Ex-president Jacob Zuma topped the agenda at the ANC National Executive Committee (NEC) on 5 July. Zuma has lodged a last-minute appeal against a 15-month prison sentence for failing to appear before the Zondo commission on state capture. The Constitutional Court will now hear a recission application on 12 July but seems unlikely to overturn its prior verdict. Yet the question over when and how Zuma will be arrested is fueling frantic political noise. This will be a delicate matter, but the most important takeaway is that the ANC NEC has publicly backed the judiciary and that the Zuma matter, in and of itself, is unlikely to split the party.
The case is seen as a key test for the rule of law. Nevertheless, Zuma’s 11th- hour legal maneuvers, which offer few new legal arguments, are mainly expected to delay the inevitable rather than alter the outcome. The Constitutional Court will have agreed to hear the application to give Zuma – who is in familiar political martyr mode – every chance of a fair hearing. Nevertheless, the court seems highly unlikely to overturn its prior unanimous verdict and sentence.
Amid press concerns that the ANC’s support for the judiciary was lukewarm, the ANC NEC today, 6 July, delivered an encouragingly strong statement emphasizing “[o]ur unequivocal commitment to and defence of the Constitution,… the rule of law and the independence of the Judiciary.” This is another sign of President Cyril Ramaphosa’s current strength within the NEC, notwithstanding broader ANC dysfunction.
The most delicate immediate question is how and when the executive will enforce Zuma’s arrest. Technically, the Constitutional Court order requires Zuma to be arrested by 7 July. A regional court today heard his application for a stay of his arrest pending the 12 July recission hearing but appears to have no jurisdiction over the decision. Meanwhile, Police Minister Bheki Cele and Police Commissioner Khehla Sitole have sent an unusual letter to acting Chief Justice Raymond Zondo informing him that they will not enforce the arrest for now, pending the 12 July hearing or a Constitutional Court instruction to the contrary.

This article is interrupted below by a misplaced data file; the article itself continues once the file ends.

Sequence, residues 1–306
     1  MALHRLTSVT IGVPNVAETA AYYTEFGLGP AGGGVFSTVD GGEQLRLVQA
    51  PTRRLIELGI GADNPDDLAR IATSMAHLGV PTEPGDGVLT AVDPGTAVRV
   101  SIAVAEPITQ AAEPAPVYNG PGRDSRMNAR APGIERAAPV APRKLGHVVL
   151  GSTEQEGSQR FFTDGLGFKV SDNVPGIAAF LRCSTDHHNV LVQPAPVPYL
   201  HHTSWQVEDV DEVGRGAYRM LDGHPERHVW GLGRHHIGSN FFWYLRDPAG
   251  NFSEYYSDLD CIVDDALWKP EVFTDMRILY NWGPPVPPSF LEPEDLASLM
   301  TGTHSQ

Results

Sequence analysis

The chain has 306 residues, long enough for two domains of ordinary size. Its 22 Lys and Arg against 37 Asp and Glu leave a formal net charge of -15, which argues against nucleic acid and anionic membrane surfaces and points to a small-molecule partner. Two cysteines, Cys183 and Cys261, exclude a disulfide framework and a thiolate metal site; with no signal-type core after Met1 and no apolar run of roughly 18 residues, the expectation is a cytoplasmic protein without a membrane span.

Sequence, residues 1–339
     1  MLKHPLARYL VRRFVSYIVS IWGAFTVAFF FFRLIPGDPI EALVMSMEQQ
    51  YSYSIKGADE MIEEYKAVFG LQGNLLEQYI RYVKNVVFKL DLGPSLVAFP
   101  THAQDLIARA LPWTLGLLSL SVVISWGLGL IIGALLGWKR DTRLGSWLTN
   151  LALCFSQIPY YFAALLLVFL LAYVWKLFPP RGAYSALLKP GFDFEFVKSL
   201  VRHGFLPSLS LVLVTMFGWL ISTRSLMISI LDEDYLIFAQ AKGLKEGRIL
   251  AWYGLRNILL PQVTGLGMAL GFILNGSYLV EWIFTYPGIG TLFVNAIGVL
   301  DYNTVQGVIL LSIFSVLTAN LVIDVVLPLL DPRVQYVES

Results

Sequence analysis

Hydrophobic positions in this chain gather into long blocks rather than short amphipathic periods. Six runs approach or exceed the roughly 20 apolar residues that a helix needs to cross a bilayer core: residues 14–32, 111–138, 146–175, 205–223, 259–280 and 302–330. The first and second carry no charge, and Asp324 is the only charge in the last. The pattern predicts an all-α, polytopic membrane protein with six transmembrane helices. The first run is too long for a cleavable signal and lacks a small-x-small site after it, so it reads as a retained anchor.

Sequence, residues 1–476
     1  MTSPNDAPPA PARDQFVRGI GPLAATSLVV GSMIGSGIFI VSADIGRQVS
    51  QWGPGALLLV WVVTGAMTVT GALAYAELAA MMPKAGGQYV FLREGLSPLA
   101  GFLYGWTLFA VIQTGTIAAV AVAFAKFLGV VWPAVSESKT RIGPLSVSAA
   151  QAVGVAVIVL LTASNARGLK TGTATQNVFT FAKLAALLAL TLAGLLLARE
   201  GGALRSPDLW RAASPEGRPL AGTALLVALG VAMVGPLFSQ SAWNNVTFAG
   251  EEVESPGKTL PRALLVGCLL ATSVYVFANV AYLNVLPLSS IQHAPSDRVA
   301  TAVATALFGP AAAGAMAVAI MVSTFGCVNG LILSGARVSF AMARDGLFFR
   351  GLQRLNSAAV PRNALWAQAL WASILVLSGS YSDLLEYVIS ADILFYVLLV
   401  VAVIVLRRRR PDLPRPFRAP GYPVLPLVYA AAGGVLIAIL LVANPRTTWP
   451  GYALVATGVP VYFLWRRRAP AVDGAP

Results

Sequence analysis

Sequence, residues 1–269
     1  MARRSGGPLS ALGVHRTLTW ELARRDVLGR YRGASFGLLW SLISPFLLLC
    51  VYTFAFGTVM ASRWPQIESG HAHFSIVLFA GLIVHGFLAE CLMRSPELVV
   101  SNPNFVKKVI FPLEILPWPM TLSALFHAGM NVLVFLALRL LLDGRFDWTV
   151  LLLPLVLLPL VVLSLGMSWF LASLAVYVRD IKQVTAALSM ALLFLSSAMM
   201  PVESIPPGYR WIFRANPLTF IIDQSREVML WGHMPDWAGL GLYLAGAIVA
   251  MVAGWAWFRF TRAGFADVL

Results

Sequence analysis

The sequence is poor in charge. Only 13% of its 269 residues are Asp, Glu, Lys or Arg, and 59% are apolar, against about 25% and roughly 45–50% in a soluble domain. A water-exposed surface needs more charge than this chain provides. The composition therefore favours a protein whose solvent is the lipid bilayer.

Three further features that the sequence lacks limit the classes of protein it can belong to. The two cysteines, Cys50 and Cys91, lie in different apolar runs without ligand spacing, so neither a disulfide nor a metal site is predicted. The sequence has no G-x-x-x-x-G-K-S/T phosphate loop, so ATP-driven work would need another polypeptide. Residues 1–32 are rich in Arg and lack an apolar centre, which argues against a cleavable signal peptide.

This may raise questions about the executive’s readiness to enforce the rule of law, though the case arguably requires delicate political handling in light of the noise and threats generated by a small but hard core of Zuma supporters. Beyond social media mobilization, supporters (estimated to be in the hundreds, some armed) have gathered outside Zuma’s Nkandla homestead – in utter defiance of “Level 4” pandemic regulations – and have threatened to resist any attempts to arrest the ex-president. The Ramaphosa administration will want to avoid bloodshed around the arrest, so for now further NEC emissaries may try to convince Zuma to accept arrest.
At the end of the day, the biggest risk for Ramaphosa is not so much an outright split in the party given Zuma’s much reduced following, but a broader KwaZulu-Natal problem because the province feels increasingly marginalized at the top. Such sentiments could be reinforced if Ramaphosa also were to fire temporarily suspended Health Minister Zweli Mkhize over corruption accusations. As that matter may go to court, Ramaphosa might yet put off his much-anticipated cabinet reshuffle even longer.